Use this URL to cite or link to this record in EThOS: http://ethos.bl.uk/OrderDetails.do?uin=uk.bl.ethos.512330
Title: Investigation into the twin-arginine translocation pathway of halophilic and thermophilic archaea
Author: Kwan, Daniel
Awarding Body: University of Bath
Current Institution: University of Bath
Date of Award: 2009
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Abstract:
The Twin arginine translocation pathway translocates fully folded proteins across cellular membranes and is only utilised by proteins that fold before translocation. It is a unique process that is found in many bacteria, archaea and also in plant chloroplasts. Investigation of the bacterial and thylakoidal systems has revealed much of the substrates and the components involved in their translocation. Unfortunately, there are still many unanswered questions such as how substrates are directed to the membrane and the actual mechanism of translocation. This thesis specifically investigates the Tat pathway of halophilic and thermophilic archaea. To date, there has been a lack of research into the archaeal Tat pathway and it is possible that there are unique adaptations because of the extreme environments that these organisms inhabit. Chapter 3 specifically investigates the thermophiles Sulfolobus solfataricus and Sulfolobus tokodaii and attempts to purify their Tat complexes. By doing so it was hoped to learn more about the Tat components and their interactions. Further experiments were also performed to determine if the two S. solfataricus Tat operons provide specificity to the Tat substrates that translocate. Four separate areas of the Tat pathway of halophilic archaea (haloarchaea) were investigated in Chapters 4-7. Firstly, site-directed mutagenesis was used to analyse the signal peptides of haloarchaeal Tat substrates in more detail. Consequently, the resulting data led to the use of bioinformatics to analyse the Haloarchaeal signal peptide. The bioenergetics of the Tat system was then determined by analysing the effect of a variety of ionophores on translocation of the Tat substrates AmyH and SptA. Finally, a series of folding and stability assays were used to increase our understanding of AmyH, which could provide further information on why this protein, like many other haloarchaeal proteins, requires the Tat pathway for translocation.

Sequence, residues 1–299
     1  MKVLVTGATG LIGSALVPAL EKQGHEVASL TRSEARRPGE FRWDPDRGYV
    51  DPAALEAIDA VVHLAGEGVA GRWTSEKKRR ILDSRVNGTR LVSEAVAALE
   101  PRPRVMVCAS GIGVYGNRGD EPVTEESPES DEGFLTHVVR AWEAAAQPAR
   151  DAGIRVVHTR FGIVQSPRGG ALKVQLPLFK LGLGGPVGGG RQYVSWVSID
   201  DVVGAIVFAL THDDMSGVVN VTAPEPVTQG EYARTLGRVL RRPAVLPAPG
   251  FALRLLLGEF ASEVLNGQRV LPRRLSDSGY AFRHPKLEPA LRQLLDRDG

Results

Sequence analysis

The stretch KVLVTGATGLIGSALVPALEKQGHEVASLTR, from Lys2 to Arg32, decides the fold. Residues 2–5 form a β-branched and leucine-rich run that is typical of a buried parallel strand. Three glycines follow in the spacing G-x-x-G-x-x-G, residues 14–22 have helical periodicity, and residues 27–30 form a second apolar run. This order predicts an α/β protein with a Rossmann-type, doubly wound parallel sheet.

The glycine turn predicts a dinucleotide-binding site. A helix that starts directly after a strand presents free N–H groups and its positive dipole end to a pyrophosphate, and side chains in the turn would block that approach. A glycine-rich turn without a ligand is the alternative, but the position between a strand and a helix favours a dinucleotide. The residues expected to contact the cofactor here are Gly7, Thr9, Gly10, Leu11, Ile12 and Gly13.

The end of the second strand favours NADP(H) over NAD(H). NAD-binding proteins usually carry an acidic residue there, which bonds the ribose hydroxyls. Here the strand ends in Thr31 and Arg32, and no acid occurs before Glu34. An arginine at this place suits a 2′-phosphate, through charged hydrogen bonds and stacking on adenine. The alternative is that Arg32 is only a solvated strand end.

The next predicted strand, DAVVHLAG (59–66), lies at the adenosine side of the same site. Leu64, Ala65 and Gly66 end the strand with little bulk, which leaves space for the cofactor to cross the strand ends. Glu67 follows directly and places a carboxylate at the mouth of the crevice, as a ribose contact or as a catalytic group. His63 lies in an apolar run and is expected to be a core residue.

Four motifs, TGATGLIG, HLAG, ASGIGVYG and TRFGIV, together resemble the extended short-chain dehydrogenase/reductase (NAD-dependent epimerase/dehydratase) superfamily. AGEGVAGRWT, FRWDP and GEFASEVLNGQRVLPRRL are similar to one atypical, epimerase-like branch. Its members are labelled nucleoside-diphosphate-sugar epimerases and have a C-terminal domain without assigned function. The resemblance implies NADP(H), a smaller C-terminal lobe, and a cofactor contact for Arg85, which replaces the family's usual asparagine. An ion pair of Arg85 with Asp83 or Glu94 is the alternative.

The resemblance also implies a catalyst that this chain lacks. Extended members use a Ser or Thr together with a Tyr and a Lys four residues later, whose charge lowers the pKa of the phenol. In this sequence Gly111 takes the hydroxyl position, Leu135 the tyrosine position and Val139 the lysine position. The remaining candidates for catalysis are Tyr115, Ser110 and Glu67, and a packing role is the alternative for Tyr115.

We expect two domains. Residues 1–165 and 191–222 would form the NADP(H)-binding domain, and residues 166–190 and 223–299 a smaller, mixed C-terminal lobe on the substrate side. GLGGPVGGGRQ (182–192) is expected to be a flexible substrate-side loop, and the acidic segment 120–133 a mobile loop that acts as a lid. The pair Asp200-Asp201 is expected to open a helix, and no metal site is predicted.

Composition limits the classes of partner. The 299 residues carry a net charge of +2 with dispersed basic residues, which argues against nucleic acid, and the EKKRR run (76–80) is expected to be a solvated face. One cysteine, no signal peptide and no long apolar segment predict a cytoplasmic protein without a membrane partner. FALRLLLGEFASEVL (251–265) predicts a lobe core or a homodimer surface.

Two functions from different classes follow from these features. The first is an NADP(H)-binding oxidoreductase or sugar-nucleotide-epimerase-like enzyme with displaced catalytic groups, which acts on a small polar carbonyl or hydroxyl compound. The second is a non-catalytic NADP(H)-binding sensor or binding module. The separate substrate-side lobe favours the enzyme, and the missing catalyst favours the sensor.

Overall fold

Supervisor: Not available Sponsor: Not available
Qualification Name: Thesis (Ph.D.) Qualification Level: Doctoral
EThOS ID: uk.bl.ethos.512330  DOI: Not available
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